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Double Seams

Invented in 1888 by Max Ams, modern double seams provide an airtight seal to the tin can. This airtight nature is crucial to keeping bacteria out of the can and keeping its contents sealed inside. Thus, double seamed cans are also known as Sanitary Cans. Developed in 1900 in Europe, this sort of can was made of the traditional cylindrical body made with tin plate. The two ends (lids) were attached using what is now called a double seam. A can thus sealed is impervious to the contamination by creating two tight continuous folds between the canís cylindrical body and the lids. This eliminated the need for solder and allowed improvements in manufacturing speed, reducing cost.

Double seaming uses rollers to shape the can, lid and the final double seam. To make a sanitary can and lid suitable for double seaming, manufacture begins with a sheet of coated tin plate. To create the can body, rectangles are cut and curled around a die, and welded together creating a cylinder with a side seam.

Rollers are then used to flare out one or both ends of the cylinder to create a quarter circle flange around the circumference. Precision is required to ensure that the welded sides are perfectly aligned, as any misalignment will cause inconsistent flange shape, compromising its integrity.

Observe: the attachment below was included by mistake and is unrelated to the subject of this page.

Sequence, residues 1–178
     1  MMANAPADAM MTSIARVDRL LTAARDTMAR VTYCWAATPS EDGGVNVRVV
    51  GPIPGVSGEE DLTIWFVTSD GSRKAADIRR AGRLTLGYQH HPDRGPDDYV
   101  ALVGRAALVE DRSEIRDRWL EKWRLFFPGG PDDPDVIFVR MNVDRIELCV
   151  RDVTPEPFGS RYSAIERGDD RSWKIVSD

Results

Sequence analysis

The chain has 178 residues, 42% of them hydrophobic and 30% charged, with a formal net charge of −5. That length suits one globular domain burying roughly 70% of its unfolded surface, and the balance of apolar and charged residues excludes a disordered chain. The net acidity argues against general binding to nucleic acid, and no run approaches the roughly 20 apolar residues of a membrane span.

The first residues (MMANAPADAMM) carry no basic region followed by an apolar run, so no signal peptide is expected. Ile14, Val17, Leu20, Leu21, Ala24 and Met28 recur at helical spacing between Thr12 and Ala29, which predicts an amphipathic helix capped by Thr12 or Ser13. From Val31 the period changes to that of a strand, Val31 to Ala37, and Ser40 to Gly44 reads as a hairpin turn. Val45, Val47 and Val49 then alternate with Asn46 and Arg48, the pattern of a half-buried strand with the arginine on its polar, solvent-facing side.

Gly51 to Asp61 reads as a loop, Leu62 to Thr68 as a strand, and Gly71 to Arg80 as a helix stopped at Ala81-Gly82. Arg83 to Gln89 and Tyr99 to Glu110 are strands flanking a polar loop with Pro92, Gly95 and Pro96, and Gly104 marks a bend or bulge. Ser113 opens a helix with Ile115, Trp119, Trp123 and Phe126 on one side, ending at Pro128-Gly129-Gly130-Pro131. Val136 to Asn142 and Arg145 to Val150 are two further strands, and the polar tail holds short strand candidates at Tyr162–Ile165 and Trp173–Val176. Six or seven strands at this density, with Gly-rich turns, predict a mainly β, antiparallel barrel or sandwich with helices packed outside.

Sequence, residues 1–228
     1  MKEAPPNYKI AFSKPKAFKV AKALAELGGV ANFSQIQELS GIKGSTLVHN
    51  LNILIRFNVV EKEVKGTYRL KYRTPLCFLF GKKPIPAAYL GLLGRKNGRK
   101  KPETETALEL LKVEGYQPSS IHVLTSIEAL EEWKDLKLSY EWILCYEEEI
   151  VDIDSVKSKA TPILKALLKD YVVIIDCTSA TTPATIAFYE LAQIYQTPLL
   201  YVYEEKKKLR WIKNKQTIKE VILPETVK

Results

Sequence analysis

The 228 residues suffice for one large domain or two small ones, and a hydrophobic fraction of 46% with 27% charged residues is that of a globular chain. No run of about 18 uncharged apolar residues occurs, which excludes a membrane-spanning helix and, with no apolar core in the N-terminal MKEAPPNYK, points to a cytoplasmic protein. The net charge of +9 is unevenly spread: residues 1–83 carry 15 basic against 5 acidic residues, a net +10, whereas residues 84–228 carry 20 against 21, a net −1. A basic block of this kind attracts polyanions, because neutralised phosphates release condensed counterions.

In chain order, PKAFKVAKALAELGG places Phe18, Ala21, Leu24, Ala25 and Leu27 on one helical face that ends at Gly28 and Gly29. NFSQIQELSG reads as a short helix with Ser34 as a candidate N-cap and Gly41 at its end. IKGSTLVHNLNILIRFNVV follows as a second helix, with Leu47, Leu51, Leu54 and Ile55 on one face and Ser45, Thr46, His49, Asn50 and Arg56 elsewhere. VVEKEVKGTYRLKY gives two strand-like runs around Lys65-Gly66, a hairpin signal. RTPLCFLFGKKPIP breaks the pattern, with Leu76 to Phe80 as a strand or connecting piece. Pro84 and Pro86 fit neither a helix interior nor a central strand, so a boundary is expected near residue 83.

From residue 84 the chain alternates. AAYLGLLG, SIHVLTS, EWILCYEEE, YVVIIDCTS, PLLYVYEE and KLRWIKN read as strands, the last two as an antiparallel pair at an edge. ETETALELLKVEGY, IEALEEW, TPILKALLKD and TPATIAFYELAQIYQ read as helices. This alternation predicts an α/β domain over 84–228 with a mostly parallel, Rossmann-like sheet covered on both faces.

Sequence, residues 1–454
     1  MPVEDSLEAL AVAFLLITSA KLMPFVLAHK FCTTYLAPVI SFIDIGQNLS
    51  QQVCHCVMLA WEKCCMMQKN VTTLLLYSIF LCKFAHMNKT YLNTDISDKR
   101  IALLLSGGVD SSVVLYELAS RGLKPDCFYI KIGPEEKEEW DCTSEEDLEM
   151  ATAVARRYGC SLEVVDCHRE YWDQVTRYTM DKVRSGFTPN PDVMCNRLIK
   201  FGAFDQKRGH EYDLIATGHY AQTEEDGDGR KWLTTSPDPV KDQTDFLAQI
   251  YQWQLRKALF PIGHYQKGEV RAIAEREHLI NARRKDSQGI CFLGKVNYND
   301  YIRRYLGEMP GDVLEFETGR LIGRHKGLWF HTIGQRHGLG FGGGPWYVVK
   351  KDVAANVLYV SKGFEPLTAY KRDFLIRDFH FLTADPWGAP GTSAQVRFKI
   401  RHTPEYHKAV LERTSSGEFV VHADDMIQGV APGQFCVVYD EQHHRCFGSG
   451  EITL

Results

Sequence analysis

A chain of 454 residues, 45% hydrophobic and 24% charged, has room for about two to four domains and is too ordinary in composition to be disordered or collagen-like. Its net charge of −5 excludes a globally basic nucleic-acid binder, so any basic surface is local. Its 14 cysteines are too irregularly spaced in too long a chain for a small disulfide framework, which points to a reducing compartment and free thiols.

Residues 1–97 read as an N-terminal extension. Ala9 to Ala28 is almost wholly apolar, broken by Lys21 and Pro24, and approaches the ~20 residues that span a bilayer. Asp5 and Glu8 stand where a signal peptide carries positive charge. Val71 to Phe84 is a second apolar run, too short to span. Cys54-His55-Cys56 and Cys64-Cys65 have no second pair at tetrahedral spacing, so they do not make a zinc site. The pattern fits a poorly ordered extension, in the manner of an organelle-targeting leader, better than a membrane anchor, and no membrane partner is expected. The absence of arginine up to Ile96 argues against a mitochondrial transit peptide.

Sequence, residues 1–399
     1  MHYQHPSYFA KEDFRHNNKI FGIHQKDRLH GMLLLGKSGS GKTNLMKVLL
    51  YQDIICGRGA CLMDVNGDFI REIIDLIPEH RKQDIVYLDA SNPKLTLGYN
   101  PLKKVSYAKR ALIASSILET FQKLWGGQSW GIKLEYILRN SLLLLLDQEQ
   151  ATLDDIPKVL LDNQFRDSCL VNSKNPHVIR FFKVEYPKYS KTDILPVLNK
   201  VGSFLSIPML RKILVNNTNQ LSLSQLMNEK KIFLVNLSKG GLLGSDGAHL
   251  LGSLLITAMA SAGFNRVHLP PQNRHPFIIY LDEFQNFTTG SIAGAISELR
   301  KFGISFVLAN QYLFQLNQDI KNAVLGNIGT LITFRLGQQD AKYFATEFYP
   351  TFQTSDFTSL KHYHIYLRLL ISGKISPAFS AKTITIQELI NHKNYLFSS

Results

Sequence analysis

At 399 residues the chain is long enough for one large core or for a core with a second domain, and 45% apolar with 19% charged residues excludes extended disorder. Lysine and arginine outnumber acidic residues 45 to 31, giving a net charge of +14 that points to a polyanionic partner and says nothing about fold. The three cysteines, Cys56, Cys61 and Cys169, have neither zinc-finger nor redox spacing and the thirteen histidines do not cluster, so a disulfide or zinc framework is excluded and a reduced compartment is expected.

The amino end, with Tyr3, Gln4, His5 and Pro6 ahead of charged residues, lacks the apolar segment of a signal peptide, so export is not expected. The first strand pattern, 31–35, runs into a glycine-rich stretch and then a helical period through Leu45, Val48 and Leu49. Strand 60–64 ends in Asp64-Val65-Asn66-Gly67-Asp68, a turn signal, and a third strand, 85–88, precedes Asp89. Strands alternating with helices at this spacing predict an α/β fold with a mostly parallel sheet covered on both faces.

A circle is then cut from the sheet using a die cutter. The circle is shaped in a stamping press to create a downward countersink to fit snugly in to the can body. The result can be compared to an upside down and very flat top hat. The outer edge is then curled down and around about 140 degrees using rollers to create the end curl.

The result is a steel tube with a flanged edge, and a countersunk steel disc with a curled edge. A rubber compound is put inside the curl.

Seaming
See also: Can seamer
The body and end are brought together in a seamer and held in place by the base plate and chuck, respectively. The base plate provides a sure footing for the can body during the seaming operation and the chuck fits snugly in to the end (lid). The result is the countersink of the end sits inside the top of the can body just below the flange. The end curl protrudes slightly beyond the flange.

First operation
Once brought together in the seamer, the seaming head presses a first operation roller against the end curl. The end curl is pressed against the flange curling it in toward the body and under the flange. The flange is also bent downward, and the end and body are now loosely joined together. The first operation roller is then retracted. At this point five thicknesses of steel exist in the seam. From the outside in they are:
End
Flange
End Curl
Body
Countersink

Second operation
The seaming head then engages the second operation roller against the partly formed seam. The second operation presses all five steel components together tightly to form the final seal. The five layers in the final seam are then called; a) End, b) Body Hook, c) Cover Hook, d) Body, e) Countersink. All sanitary cans require a filling medium within the seam because otherwise the metal-to-metal contact will not maintain a hermetic seal. In most cases, a rubberized compound is placed inside the end curl radius, forming the critical seal between the end and the body.